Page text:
On January, 11, 2014, a good friend of mine who lives in Tucson, AZ, spontaneously sent me a series of photographs taken with a “trail cam.” This camera was mounted in his backyard which backs up to the desert. The photos were all of coyotes in the middle of the night. I have never before received photographs of coyotes.
On January, 10, 2014, in the middle of the night, I was in the hospital with my wife, involved with and witnessing the birth of my daughter. Shortly after my daughter was born, I stepped out on the deck of the hospital room, and listened to coyotes howl in the surrounding hills. I have never heard coyotes howling in Santa Cruz, CA where I live, though I have seen them. Coyotes are no strangers to the area since Santa Cruz is nestled just between the mountains and the sea.
I wrote a small poem about the coyotes moments after hearing them while in the hospital:
In the black of night
While the city sleeps
The coyotes laugh
When my friend in Tucson sent me the photos of coyotes at night, he had no knowledge of my experience hearing the coyotes at night and writing the poem about coyotes on January 10, 2014. This meaningful coincidence is called a “synchronicity” in Jungian psychology. A synchronicity is a meaningful connection between two events. Often it is noticed when an inner psychological “event” (dream, image, emotion, symptom, etc.) is reflected in one’s outer world.
In my own case, the synchronicity was the correlation between the two events of the birth of my daughter, and the coyotes at night. Synchronicities or meaningful coincidences grab our attention and get noticed. Some synchronicities hold our interest for days, perhaps weeks, and sometimes, even throughout a lifetime. Through them, we can find deeper meaning and insight, and sometimes even direction for our lives. Synchronicities can feel as if we’ve been witness to the realm of the divine.
The coyote historically has been associated with the trickster archetype. Like Hermes, who is a mediator between places such as the unconscious and the ego, or the night and the day, the coyote is an animal with similar attributes. Coyotes are mischievous and cunning. They are often seen somewhere on the “edges” of life, or between worlds. If you do see a coyote in the daytime, the coyote is typically sneaking along the side of a fence or a cluster of trees. It may scurry unnoticed out of the far end corner of a field that you are walking through. In this photograph to the left, I caught a coyote out in the open.
The trickster archetype can be responsible for creative thoughts, ideas, or visions that are outside the norms of society. On the one hand, the coyote, or trickster, can be a reservoir of creativity and vitality and helps to serve as a catalyst for new ideas and visions carrying us into the future. The trickster acts as an awakener between sleeping and becoming more conscious. On the other hand, the trickster archetype can be responsible for bringing havoc and disrupting the status quo and our false assumptions about security.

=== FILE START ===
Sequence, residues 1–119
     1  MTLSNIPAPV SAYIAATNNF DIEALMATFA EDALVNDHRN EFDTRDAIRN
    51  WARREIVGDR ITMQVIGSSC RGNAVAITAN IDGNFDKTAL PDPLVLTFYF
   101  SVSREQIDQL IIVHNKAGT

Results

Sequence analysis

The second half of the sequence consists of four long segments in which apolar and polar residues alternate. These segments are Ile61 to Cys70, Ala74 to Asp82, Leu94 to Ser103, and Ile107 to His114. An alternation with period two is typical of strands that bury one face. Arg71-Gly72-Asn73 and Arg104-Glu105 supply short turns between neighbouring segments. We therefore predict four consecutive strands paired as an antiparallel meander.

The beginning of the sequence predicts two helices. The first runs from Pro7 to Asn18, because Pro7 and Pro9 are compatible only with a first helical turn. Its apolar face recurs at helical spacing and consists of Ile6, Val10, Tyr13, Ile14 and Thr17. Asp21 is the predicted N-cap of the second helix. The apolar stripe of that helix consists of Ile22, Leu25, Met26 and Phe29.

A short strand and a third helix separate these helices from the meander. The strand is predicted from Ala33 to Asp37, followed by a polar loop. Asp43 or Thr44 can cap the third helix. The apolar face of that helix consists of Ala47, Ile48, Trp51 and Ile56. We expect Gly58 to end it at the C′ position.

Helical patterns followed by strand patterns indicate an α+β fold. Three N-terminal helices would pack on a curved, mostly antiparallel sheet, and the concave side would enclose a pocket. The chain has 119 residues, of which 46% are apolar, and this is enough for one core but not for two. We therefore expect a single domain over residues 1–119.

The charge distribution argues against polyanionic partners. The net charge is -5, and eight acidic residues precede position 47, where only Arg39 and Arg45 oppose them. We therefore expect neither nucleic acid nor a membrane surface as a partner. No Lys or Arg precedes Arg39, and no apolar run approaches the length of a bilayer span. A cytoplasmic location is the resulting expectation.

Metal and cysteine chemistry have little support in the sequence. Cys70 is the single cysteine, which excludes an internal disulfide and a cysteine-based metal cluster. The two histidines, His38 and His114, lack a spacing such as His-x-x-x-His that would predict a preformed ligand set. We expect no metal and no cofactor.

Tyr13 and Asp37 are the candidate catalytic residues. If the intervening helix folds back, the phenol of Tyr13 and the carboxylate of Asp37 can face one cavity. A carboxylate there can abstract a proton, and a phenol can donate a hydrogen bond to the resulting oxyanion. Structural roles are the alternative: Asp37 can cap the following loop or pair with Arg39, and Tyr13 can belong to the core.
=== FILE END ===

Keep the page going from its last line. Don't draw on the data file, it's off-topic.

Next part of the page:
The coyote or trickster rules in developmental places or phases of life that seem nebulous and ambiguous. In other words, if you are feeling that your current life phase is extremely uncertain and directionless, it is likely that the trickster is there, since the trickster rules this place.
In my own case, the experience of the coyotes and the synchronicity of the poem with my friend’s photographs, clearly demonstrated to me that the trickster, the coyotes in the night, were lurking. I saw that the birth of my daughter, among other things, symbolized the opportunity for the birth of awareness and a new stage of increased consciousness. The entire experience and associated images proved powerful images for me to work with and contemplate.
In other words, I asked myself, what is it that is new (needs to be ‘birthed’ just like my daughter), and perhaps edgy that my unconscious is bringing to my attention? Like many things on the edge of consciousness, there is a trickster element associated with this material.
Lastly, just like in the final line from the poem that I penned the night of the birth of my child, “the coyotes laugh,” the trickster can bring humor into the world and help us to laugh with life. The trickster archetype is often present when life gets particularly edgy, messy, and uncertain and it can also be associated with new awareness and creative life phases. But perhaps just as importantly, the trickster, the coyote, helps us with both finding and bringing humor into our world.
the coyotes dance
the coyotes sing